Most dukes settle for Earl Grey and crumpets.
Playboy parties are more my cup of tea.
Now, I"ve got 30 days to marry or lose my billion-pound inheritance.
Isabella is my saving grace, but we hated each other as teens.
The eyes, the body, the confidence. Quite the goddess she"s become since high school.
Between arguing and fucking, we must somehow pretend to be married.
Wanting her to be more than a "fake" fianc" was never an option.
Needing her wasn"t part of the plan.
But when opposing forces come between us, neither God, queen, nor country will stop me from
having her.Books by Author:Emily Bishop Books
I"m going to get so fucking hammered tonight.
I crank up the music and let it pound through the apartment until it looks like the ashtrays are going to jump off the tables. The giant windows overlooking Seattle might just smash from the impact of the bass, shards flying everywhere. Blaow!
I light a cigarette and wink at my cousin, Eddie, who"s sprawled out on one of the ergonomic couches, throwing champagne down his throat.
Rowan, one of my old mates from school, hurries out of the bedroom, tucking his pastel blue shirt into his chinos. "Hey!" He makes an aggressive twist on the knob and the music dims. "You"re a madman, Gray. The neighbors have already reported us once. You"ll get me kicked out after this kind of stunt."
I grin at Eddie. "Rowan"s losing his nerve."
Eddie pushes his floppy copper curls out of his face and smiles back devilishly. My partner-in-crime. When people hear of English aristocrats, they expect tea and scones and manners. We laugh and raise hell in their faces.
"We"re not in your big English country mansion, Grayson Fairfax the Second," Rowan says. He puts an exaggerated version of my accent on.
One thought of that place sends imaginary chains creeping around my body. Ready to squeeze tight. Trap me.
"Get a life, Rowan," I spit, then crank up the volume again. Too bad for them if they don"t like it. And too bad for the fuddy-duddy neighbors.
Rowan shoots me a warning look. I pick up a bottle, and soon rum wends a warm stream through me. I look back at him, my eyes flinging more fire than his ever could.
Rowan shrugs and shakes his head, laughs. "You haven"t changed a bit since school, have you"" He pads back past me in his socks, then swings back. "What d"ya think, Gray" Should I wear Ferragamos or my Armanis""
Bastard. He knows Eddie"s funding this jaunt back to America " a good time for old time"s sake. Eddie had to open his big mouth and tell everyone I"m broke, waiting on my father"s inheritance. Now Rowan"s trying to put me in my place with it.
I stride over to the window, nonchalant. "Doesn"t matter. Hot girls don"t care about shoes. They zone in on the alpha of the pack." Everyone knows that"s me.
"Ooh, speaking of hot girls""
I turn to see Tim, another old mate, walking in. He pulls his shirt on over his skinny frame. Stockbrokers might be rich, but they certainly don"t have that real rugged manliness about them. It"s me the girls will be swarming around at the club tonight. Guaranteed.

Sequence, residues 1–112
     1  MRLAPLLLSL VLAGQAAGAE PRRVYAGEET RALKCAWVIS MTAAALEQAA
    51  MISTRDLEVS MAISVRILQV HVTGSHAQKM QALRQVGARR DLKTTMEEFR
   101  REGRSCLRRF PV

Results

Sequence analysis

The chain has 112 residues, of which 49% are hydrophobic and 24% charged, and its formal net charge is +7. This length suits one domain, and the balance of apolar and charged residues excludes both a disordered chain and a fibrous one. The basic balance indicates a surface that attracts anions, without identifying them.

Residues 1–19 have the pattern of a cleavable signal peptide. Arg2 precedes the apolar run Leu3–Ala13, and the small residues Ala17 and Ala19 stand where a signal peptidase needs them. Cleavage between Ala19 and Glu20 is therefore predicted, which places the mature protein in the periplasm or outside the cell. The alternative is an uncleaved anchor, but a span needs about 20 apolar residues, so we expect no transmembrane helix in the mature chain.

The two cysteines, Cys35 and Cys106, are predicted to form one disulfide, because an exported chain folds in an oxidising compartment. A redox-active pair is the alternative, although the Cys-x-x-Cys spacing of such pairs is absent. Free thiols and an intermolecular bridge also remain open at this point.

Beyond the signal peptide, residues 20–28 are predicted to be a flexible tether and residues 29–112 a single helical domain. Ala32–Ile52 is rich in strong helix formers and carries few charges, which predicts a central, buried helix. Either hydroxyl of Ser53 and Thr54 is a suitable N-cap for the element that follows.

Tim grins. "Have you seen what Isabella Price looks like now" She popped up on my suggested Facebook friends."
"Why the hell would I care"" I flop down on the couch and crush my cigarette in the ashtray. The thought of her makes me light up another one. She sends stress jolting through my body.
"Nah, seriously, look." Tim fishes his iPhone from his pocket and taps away, then strides over to the bookshelf and pulls out a thick hardback. "Compare." He places the school yearbook on the glass coffee table and puts his phone next to it.
Everyone crowds around behind me. Even Eddie bothers pulling himself up from his tipsy sprawl to check it out.
I look at the Facebook picture first. Long dark hair, poker straight, like a shining black curtain. She"s in a loose-flowing summer dress and has a pretty smile. Looks like she"s in a park, from all the trees behind her. "As boring as always. Taking a summer stroll in a park, probably with a whole load of books and far too many opinions."
"Don"t you think she"s hot, though"" Tim says.
Rowan laughs. "He"s still holding a grudge, that"s all. She was the only chick who wasn"t all over him in school."
"Her loss," I say, then look at her yearbook picture. That"s how I remember her. A wild shock of dark curly hair falling past her shoulders. Her chin up high like she thinks she"s of a higher standard. Blue eyes piercing through the page like ice-lasers. I could never melt her. The other girls were like pools of warm water. She was an iceberg. Yet she"d laugh and joke and play around with others. Just not me.
I sink back into the couch and laugh. "Wonder what she"s doing with her sad little life right now. Probably a librarian."
"No way," Rowan says. "She was the smartest girl in school."
"No," I stress. "There"s a difference between hard work and intelligence. Even the dumbest can get good grades if they spend every minute of their lives studying. But what kind of life is that" Intelligence doesn"t equal grades. Even Einstein did badly""
Rowan laughs and pours himself a large gin. "You"d better hope that"s true, for your sake. What did you get again" Three Fs and a D""